One of my teachers from the 1960's and 70's, just died. The brilliant and I think, misunderstood, Maharishi Mahesh Yogi. Although when someone like Maharishi makes their exit, it is more like they merge with the ocean of light. Free at last from having to run a huge multinational corporation!
I learned Transcendental Meditation in 1968, at the TM center in Westwood, right next to the UCLA campus (University of California Los Angeles). During my TM instruction, I noticed that my instructor, Beulah Smith, said almost nothing. At the beginning, she sat with me, asked a few questions and listened. Then she gave me a couple of sentences of instructions, then we closed our eyes. Every few minutes, we would open our eyes and she asked me what I was experiencing. Then she gave me one sentence of instruction, and we closed our eyes again. Over the next few days, I realized that TM just worked, reliably. It was a beautiful and elegant approach to the technique of meditating.
I had been around inept meditation instruction before – mainly my own. I had been playing around with meditation for half a year, in early 1968, and people sometimes asked me to share with them what I was up to. My guidance was probably terrible, as there is an art to teaching, and I had no clue. Several years later, in 1970, I was trained as a teacher of Transcendental Meditation, and learned a system of how to instruct people – I learned how to guide people in the way Beulah had guided me. It turns out that Maharishi had evolved a beautiful and elegant system for mass-production meditation instruction.
It turns out that TM is based on a series of brilliant observations about the nature of the mind and body.
One of these insights was that someone learning to meditate needs to know, in the first minute, how to deal with thoughts and distractions. If they do not get this instruction right then, they will start to develop bad habits that may persist for a lifetime. TM developed a system to unobtrusively give the right instruction during that first minute, and as needed during the next twenty minutes, then first few days. About half an hour of one-to-one instruction, then six hours of group instruction over the next three days. If a new meditator gets this, they have a good shot at becoming able to meditate every day and thrive.
The second observation is that you can only learn the skills of meditation while you are meditating, or in the few seconds before or after doing a technique. You can talk about technique all you want, but it does not carry over into the meditative state. You have to be there to learn.
The third observation is that meditation happens spontaneously. The body and mind want
to do it, and crave it as part of the natural rhythm of a day. If you know how, meditation can fit right in with your basic rhythm of life. In a 24-hour cycle, we are awake part of the time, then asleep, then dreaming. Meditation glides naturallly into that three-part rhythm, as a way of enhancing the transitions.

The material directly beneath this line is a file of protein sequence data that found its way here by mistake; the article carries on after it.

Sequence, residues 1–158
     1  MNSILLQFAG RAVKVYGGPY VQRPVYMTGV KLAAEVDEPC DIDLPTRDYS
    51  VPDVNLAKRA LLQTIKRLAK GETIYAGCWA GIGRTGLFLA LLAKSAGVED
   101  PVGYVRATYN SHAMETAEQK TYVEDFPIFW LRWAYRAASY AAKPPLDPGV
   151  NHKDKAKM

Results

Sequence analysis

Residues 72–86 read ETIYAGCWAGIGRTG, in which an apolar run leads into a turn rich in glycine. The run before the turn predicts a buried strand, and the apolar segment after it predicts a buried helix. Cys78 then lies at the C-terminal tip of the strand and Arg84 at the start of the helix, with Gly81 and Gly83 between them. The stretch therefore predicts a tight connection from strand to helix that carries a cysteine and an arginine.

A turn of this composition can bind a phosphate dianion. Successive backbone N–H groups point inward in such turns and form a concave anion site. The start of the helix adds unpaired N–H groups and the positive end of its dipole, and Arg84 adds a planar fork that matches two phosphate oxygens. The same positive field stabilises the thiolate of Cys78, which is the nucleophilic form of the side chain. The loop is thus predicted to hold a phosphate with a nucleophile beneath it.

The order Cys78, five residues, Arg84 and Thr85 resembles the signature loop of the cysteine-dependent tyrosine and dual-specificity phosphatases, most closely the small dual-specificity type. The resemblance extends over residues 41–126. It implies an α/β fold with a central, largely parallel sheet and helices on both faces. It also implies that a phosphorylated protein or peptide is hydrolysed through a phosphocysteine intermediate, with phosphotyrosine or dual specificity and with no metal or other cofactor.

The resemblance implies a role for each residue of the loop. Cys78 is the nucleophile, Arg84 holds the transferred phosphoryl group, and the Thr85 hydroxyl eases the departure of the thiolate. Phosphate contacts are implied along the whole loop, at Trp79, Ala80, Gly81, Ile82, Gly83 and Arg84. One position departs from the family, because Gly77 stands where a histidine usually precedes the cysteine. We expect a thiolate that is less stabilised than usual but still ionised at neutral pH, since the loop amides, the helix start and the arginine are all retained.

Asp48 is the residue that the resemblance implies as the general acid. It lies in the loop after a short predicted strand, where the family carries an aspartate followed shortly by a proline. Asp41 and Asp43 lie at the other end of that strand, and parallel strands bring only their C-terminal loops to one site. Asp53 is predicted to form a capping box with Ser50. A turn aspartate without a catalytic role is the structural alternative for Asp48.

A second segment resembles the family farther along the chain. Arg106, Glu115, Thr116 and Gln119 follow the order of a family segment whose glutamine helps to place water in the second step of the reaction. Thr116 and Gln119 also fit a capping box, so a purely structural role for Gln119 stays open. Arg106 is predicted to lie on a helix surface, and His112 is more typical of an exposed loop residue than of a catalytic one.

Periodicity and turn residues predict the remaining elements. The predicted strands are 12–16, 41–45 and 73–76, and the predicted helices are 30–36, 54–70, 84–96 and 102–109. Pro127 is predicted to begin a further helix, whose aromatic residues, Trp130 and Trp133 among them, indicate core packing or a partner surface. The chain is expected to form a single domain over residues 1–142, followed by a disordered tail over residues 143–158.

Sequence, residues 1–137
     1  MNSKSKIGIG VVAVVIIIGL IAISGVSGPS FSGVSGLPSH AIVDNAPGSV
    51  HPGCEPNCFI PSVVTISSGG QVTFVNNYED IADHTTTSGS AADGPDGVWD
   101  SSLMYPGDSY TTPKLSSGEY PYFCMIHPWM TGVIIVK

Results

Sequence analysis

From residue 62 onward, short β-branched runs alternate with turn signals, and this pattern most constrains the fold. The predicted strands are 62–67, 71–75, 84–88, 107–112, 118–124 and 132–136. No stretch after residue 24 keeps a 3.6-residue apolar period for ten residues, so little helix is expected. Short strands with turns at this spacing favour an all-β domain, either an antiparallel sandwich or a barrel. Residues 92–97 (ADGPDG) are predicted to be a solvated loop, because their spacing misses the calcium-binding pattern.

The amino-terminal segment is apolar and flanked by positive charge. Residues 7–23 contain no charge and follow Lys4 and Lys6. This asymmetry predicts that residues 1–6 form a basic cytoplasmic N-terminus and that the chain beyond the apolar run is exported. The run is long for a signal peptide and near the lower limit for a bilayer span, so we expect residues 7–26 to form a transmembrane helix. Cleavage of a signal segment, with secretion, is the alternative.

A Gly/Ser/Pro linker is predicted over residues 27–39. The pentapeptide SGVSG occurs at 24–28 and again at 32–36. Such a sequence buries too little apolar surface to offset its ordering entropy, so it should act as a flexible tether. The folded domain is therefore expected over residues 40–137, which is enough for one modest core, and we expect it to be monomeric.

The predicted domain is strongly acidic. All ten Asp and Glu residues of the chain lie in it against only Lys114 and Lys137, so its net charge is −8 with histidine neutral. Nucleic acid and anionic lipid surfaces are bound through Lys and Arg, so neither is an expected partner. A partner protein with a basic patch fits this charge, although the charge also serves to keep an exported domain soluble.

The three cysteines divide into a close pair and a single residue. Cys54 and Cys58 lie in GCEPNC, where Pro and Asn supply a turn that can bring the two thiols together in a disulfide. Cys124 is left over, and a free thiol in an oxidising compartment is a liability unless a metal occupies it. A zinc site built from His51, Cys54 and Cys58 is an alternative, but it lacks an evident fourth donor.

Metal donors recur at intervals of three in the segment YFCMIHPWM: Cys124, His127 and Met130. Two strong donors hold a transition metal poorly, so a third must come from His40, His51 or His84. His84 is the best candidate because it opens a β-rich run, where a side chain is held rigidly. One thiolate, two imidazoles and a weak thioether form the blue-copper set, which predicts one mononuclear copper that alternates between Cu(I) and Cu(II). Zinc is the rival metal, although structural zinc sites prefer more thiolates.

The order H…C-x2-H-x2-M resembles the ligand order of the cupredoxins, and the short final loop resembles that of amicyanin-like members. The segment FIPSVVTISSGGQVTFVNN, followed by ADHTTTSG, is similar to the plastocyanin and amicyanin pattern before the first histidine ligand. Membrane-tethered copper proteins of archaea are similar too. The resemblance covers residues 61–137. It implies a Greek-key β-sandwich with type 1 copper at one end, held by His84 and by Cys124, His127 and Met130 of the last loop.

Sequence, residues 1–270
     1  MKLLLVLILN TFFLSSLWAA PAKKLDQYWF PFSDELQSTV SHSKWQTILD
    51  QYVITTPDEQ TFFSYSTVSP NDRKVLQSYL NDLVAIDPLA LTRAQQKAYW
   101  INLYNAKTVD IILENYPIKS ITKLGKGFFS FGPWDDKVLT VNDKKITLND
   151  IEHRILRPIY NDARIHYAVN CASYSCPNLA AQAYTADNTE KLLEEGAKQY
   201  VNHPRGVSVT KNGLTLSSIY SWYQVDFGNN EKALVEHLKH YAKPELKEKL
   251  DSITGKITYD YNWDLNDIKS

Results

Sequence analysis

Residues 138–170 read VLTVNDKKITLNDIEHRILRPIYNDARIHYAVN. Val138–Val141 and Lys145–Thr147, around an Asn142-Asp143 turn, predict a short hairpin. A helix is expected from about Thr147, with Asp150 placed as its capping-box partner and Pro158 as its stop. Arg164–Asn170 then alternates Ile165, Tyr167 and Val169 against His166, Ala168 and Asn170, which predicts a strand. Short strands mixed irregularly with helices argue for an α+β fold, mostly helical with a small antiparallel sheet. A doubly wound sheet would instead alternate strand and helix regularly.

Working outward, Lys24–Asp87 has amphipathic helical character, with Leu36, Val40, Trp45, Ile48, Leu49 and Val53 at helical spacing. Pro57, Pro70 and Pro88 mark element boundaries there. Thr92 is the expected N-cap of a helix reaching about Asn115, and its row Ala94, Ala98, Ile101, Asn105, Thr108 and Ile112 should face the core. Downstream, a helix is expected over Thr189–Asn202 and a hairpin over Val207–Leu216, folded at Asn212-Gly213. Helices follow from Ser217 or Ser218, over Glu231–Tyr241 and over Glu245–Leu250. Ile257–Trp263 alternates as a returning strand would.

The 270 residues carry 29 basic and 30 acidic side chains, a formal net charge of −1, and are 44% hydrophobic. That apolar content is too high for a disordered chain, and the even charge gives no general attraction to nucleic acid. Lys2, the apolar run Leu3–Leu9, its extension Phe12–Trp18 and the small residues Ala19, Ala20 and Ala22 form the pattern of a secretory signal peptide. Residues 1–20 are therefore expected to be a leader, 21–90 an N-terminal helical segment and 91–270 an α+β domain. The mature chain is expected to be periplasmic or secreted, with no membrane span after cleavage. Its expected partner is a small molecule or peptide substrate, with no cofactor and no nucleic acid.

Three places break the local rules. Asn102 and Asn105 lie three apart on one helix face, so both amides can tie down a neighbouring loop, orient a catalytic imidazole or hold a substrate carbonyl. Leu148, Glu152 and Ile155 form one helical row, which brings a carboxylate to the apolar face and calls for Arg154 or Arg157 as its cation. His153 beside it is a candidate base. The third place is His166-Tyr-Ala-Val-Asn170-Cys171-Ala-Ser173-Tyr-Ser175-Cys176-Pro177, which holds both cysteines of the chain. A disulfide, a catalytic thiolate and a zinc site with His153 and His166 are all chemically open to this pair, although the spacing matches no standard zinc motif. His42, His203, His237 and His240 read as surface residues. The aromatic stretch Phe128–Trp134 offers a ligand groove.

The fourth observation is that meditation is itself a rhythm, an alternation of activity and silence, a continual movement among levels of awareness.
TM teachers would not use the words I employ above – every word a TM teacher says is scripted. Memorized and scripted, and it's a good script. Deepak Chopra's books seem to be about 90% TM-speak. But TM contains all these insights, and more, in their system.
Put together, these observations make for a remarkably effective system of teaching meditation. One day in 1973 I was conducting a group meditation at the University of California at Irvine. The people in it had been meditating for a month to several years. At the break, a man came up to me and said,
“I started meditating a year ago and about half the people from my introductory course are here! I started TM with a group of 14 or 15 people, and I recognize 7 of them.”
I said, “Yeah.” I was feeling bad about the other 7 or 8 people who weren’t there.
“What do you think the follow-through rate is?” he asked.
“Maybe half, after a year. About half the people are still meditating every day,” I replied.
He said, “You are not getting what I am saying here. I’m an educator, I teach workshops, and having a 50% followthrough rate is unheard-of. If you are talking something you actually do every day, like meditate, the follow-through is perhaps 3% to 7%. With a lot of support, it might rise to 15%. But 50%? Nobody
has a 50% follow-through rate."
It is surprising that no one has "cloned" TM's technology here. It is quite replicable. No one seems to be paying attention to the real skills involved in learning to meditate.
To give an example. I often find myself in the position of doing group meditations with assorted people – some have no training, some have taken many meditation courses, some do yoga, others have taken Buddhist month-long meditations. Say there are 25 people in the group. There are almost always three or four who close their eyes and look like they are at the beach, relaxing in the sun. Those are the people who were initiated into TM – often 25 years ago. When they close their eyes, there is no sign of strain on their faces, they are just glowing with quiet bliss. I always make a point of talking to those people afterwards, to find out what previous experience they have with meditation, and so often, they were initiated into TM in the early 70's, did it for a year or two, but the foundation of the training is still there with them. The other people in the group tend to show various signs of "trying" to meditate. Furrowed brows as they sit there "trying" to block out thoughts. "Trying" to concentrate.